Second scenario: AI for Crime Prediction and Prevention
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Johann Čas (ITA/OEAW)

This part of The Guidelines has been reviewed and validated by Marko Sijan, Senior Advisor Specialist, (HR DPA)

Introduction and preliminary remarks

The use of advanced ICTs plays – as an essential technology for all economic, governmental or societal activities – an increasingly important role in predicting, preventing, investigating, and prosecution of criminal or terroristic activities. Accordingly, research to develop and improve technical capabilities of law enforcement agencies (LEAs) forms a priority area of past, current and future EC funding programs. Advanced and emerging ICTS possess unprecedented powers of surveillance and analysis of large and diverse datasets, particularly in connection with AI[1] technologies. The research in such technologies, as well as the implementation of advanced ICTs in the context of security, raise serious concerns of ethics and legal compliance. EU funded security research programmes demand explicitly full compliance with the provisions of the Charter of Fundamental Rights of the European Union,[2] the consideration of privacy by design, data protection by design,privacy by default and data protection by default,[3]and, in addition to the Ethics Self-Assessment Table[4] also to fill in a Societal Impact Table. “A ‘Societal Impact Table’ is a specific feature of this work program part. This table emphasizes on societal aspects of security research. It checks whether the proposed security research meets the needs of and benefits society and does not negatively impact society. Applicants must fill in the ‘Societal Impact Table’ as part of the submission process.”[5] Similar procedures should also be implemented on the level of designing the work programmes. Additional safeguards should be foreseen that programs do not contain calls that are difficult or impossible to fulfil without raising severe ethics issues or causing unproportionate infringements of human rights. This could be realized by a mandatory involvement of civil society representatives and ethics and legal expertise among the expert groups drafting EU funded research programs.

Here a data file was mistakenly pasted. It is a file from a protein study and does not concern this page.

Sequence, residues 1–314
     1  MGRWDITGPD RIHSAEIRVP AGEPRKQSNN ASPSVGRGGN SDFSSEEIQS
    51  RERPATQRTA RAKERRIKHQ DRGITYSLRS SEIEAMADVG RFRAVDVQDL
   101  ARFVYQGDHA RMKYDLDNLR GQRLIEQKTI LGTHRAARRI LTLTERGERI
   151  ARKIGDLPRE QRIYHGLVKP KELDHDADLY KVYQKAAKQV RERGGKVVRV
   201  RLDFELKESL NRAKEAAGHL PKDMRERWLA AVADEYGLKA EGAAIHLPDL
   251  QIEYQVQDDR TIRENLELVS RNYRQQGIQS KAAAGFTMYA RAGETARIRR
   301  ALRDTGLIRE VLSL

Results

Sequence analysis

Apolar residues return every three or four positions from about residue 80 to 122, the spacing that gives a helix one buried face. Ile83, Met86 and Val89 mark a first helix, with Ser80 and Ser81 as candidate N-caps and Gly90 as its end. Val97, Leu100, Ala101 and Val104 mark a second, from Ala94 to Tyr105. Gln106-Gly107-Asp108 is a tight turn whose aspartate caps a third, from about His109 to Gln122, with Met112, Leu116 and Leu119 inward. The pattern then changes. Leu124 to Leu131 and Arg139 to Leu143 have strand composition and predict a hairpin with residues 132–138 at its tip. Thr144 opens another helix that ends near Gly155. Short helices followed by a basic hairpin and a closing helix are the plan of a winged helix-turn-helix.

These precautions are essential to bringing security research in line with principles like human rights and democracy; nevertheless, concerns remain that they may increase the legitimacy of security research projects without guaranteeing ethical and legal compliance in practice.[6]The use of AI in the context of crime prediction or prevention poses severe threats to civil liberties. A simple trade-off between security and freedom is not appropriate or sufficient. The complex relationship should be treated as a kind of hostile symbiosis,[7] implying that both are necessary for the survival of the other.

To take these concerns into due consideration, this scenario also incorporates information from existing H2020 Security research calls, particularly of the H2020-SEC-2016-2017 call and currently running or recently concluded projects. MAGNETO[8](Multimedia Analysis and Correlation Engine for Organised Crime Prevention and Investigation), CONNEXIONs[9](InterCONnected NEXt-Generation Immersive IoT Platform of Crime and Terrorism DetectiON, PredictiON, InvestigatiON, and PreventiON Services)or RED-Alert[10](Real-time Early Detection and Alert System for Online Terrorist Content based on Natural Language Processing, Social Network Analysis, Artificial Intelligence and Complex Event Processing) are examples of projects of relevance for this case study. They are financed by the 2016-2017Technologies for prevention, investigation, and mitigation in the context of the fight against crime and terrorism call.[11] The original plan to take one of these projects as concrete bases for this scenario was abandoned as most, or almost all deliverables of the mentioned projects are in accordance with H2020 regulations[12] classified and not publicly accessible. Whereas the classification of specific results of security research projects may be necessary and understandable, it certainly also limits the possibility of public scrutiny and debates of these technologies, which should be mandatory in view of the potential infringements of human rights and European values.

The complexity of this use case is further increased by the fact that different regulations apply to the research and development phase on the one hand and to the implementation and use phase, on the other hand. Research activities are subject to the GDPR; future applications of the research results are subject to the so-called Data Protection Law Enforcement Directive (Directive 2016/680),[13] allowing for specific implementation and legislation in individual member states.